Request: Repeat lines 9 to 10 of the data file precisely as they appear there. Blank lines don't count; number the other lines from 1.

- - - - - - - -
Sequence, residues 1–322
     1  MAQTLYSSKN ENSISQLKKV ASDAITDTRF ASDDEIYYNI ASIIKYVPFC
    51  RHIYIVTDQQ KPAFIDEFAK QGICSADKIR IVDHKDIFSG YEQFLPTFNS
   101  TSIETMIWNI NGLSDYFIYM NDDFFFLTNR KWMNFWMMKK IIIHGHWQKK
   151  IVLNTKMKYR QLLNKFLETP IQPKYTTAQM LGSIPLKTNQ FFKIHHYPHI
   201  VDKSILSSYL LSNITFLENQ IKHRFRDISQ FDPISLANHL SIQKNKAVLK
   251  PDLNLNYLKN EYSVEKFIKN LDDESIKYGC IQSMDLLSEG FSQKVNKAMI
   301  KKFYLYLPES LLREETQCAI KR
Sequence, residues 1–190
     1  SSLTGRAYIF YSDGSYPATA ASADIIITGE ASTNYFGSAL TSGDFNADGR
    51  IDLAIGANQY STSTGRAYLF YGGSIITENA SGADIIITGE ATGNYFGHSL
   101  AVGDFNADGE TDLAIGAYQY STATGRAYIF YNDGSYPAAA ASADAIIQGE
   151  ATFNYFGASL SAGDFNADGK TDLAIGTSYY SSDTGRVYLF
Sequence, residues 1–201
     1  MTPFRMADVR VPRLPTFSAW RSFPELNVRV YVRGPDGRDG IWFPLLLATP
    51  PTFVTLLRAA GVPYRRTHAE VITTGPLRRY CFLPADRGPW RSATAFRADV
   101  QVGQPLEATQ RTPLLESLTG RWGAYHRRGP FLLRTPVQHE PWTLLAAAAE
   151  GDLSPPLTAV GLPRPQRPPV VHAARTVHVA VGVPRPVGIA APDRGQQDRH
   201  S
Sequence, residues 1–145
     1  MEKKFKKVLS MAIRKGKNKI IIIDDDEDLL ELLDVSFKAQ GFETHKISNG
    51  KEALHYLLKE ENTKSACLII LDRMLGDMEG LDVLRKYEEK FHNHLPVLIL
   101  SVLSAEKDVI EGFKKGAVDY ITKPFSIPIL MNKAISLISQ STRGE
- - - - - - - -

Sequence, residues 1–190
     1  SSLTGRAYIF YSDGSYPATA ASADIIITGE ASTNYFGSAL TSGDFNADGR